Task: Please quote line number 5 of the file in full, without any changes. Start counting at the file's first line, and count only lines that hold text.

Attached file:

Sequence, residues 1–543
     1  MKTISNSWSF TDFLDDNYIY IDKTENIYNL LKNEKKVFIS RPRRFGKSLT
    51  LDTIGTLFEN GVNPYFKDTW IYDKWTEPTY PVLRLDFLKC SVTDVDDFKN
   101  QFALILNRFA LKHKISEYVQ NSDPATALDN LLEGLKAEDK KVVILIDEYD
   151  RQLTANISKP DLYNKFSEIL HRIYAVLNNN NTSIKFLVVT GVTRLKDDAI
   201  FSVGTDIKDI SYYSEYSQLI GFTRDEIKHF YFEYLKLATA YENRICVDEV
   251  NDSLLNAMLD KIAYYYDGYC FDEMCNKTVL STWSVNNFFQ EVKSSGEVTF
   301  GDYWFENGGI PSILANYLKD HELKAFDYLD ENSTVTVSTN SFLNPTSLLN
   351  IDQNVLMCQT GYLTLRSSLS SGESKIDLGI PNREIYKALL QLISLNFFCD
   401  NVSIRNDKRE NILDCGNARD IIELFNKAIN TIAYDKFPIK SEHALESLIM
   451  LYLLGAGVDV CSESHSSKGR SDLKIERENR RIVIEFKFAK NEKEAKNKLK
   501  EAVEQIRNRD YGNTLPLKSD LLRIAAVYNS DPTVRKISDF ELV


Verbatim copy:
   151  RQLTANISKP DLYNKFSEIL HRIYAVLNNN NTSIKFLVVT GVTRLKDDAI